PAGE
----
The diabetes threat in Singapore is a complex problem, he said. “We should avoid oversimplifying the issues and turning to quick and easy solutions for immediate results. The solutions need to be sustainable in order to effectively address systems-level gaps as well as initiate and support long-term individual behavioural and lifestyle changes,” Prof Chia said.
"Success can at times be elusive,” he said, adding that diabetes prevention interventions, similar to measures for curbing tobacco use, tend to take long incubation periods before producing significant results and impact.
Dr Kevin Tan, consultant diabetologist and endocrinologist at Mount Elizabeth Hospital, echoed the same sentiment. He said it is early days yet, and that it is only after information and awareness “filter to each and every one” through commercials and health programmes that it would be possible to see changes.
The results are not measured in months or even years, it may be a generation or two because we have to change habits.
The slew of initiatives or programmes that were launched as part of the war against diabetes are still in the early stages and these efforts may take several more years before positive results can be seen, said head of SingHealth Duke-NUS Diabetes Centre, Dr Bee Yong Mong.
"We will need to take a mid- to long-term view in the fight against diabetes," he said.
PROGRAMMES TO DRIVE THE MESSAGE HOME
The People’s Association (PA) grassroots organisations have worked with various agencies to reach out to residents, particularly those at higher risk of diabetes such as the elderly, to engage them in programmes and activities so as to help them lead a physically and socially active lifestyle, a spokesman said.
Groups that have been active in disseminating information and increasing awareness on diabetes are the PA Malay Activity Executive Committees Council (MESRA) and the PA Women’s Integrated Network (WIN) Council and the Women’s Executive Committees (WECs).
In September 2016, MESRA spearheaded a six-month nationwide campaign called Let’s Be Healthy - Say No To Diabetes, together with the Malay Activity Executive Committees (MAECs), grassroots and community organisations to fight diabetes in the Malay-Muslim community.
A total of 52 health carnivals and fiestas were organised by the MAECs aimed at raising awareness about diabetes, various chronic diseases and their health risks.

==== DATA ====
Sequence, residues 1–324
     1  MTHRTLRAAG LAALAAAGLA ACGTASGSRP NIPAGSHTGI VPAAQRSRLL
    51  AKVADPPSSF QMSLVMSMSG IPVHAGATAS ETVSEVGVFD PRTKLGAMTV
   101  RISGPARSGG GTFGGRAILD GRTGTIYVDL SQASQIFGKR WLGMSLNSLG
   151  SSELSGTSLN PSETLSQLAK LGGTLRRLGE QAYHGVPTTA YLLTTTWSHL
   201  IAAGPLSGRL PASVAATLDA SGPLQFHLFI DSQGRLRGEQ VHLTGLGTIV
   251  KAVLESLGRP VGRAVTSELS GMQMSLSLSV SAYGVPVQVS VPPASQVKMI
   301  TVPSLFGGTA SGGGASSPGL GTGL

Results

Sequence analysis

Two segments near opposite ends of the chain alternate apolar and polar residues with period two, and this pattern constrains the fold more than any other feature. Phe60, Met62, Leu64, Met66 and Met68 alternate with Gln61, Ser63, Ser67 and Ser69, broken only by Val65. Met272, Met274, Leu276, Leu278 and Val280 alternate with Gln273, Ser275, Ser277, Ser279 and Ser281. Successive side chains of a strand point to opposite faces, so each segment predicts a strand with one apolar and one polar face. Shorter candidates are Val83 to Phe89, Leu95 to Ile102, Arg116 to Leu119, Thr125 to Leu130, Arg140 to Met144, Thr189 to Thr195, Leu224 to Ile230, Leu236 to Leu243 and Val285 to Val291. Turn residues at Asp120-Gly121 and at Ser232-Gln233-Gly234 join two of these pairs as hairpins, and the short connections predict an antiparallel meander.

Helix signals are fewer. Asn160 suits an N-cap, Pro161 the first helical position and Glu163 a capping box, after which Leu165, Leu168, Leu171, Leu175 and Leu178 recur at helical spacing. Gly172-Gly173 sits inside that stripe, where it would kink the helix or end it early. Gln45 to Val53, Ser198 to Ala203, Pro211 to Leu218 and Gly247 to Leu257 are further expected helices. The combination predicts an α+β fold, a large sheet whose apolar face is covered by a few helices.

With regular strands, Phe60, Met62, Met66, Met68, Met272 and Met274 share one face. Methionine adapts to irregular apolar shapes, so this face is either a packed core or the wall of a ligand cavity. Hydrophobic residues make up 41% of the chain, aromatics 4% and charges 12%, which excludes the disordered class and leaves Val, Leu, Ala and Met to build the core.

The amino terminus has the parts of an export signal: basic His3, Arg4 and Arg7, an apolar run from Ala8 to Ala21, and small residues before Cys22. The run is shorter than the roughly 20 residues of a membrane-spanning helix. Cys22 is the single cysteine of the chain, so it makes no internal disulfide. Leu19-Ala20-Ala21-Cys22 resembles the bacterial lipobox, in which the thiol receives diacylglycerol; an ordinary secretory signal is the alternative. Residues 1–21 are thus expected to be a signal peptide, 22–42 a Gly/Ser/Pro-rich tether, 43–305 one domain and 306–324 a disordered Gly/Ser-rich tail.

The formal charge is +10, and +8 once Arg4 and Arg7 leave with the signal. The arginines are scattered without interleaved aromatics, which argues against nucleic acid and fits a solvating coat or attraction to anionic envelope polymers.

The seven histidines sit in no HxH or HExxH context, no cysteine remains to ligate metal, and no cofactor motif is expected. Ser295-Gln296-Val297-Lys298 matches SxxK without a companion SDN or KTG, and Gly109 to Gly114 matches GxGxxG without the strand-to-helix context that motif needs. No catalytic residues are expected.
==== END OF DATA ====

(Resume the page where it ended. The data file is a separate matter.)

Among the programmes and activities were health screenings, fitness programmes, healthy cooking workshops, health talks and exhibitions, and interactive games.
MESRA chairman Omar Ismail said that while close to 27,000 residents turned up at the events, just a fraction – about 2,700 – underwent medical screenings that were provided free.
“They know that something may be wrong, but they are frightened to confirm it. We don’t give up. We take every opportunity to persuade them to go for the screening,” he said.
He said he observed that Malay-Muslim residents tend to take the disease lightly, so the talks are important.
They don’t understand the dangers of diabetes and the complications it can cause. They don’t have that knowledge.
Recognising that many women are the primary caregivers and they exert strong influence over their family's dietary and healthy habits, the WIN Council and the WECs organised a health carnival in April, and launched cooking classes focused on healthy recipes, with support from the Health Promotion Board (HPB).
To date, 30 healthy cooking classes have been conducted at community clubs islandwide, with another 20 classes to run until December. In addition, about 200 WEC members had attended courses on healthier catering guidelines conducted by HPB.
Separately, the Siglap CC Indian Executive Activity Committees chipped in with a BEAT Diabetes Awareness Day in July, which featured a mass workout session, health screenings, talks and cooking demonstrations.
The SingHealth Regional Health System also runs a diabetes screening programme in an effort to partner community organisations to conduct health screenings for parents, siblings and children of individuals with type 2 diabetes. It also runs a Gestation Diabetes Mellitus Programme. Since January 2016, all expectant mothers at KKH and SGH have been offered screenings for gestational diabetes. A structured protocol has also been implemented for the postpartum follow-up and monitoring of these mothers.
STARTING AWARENESS EARLY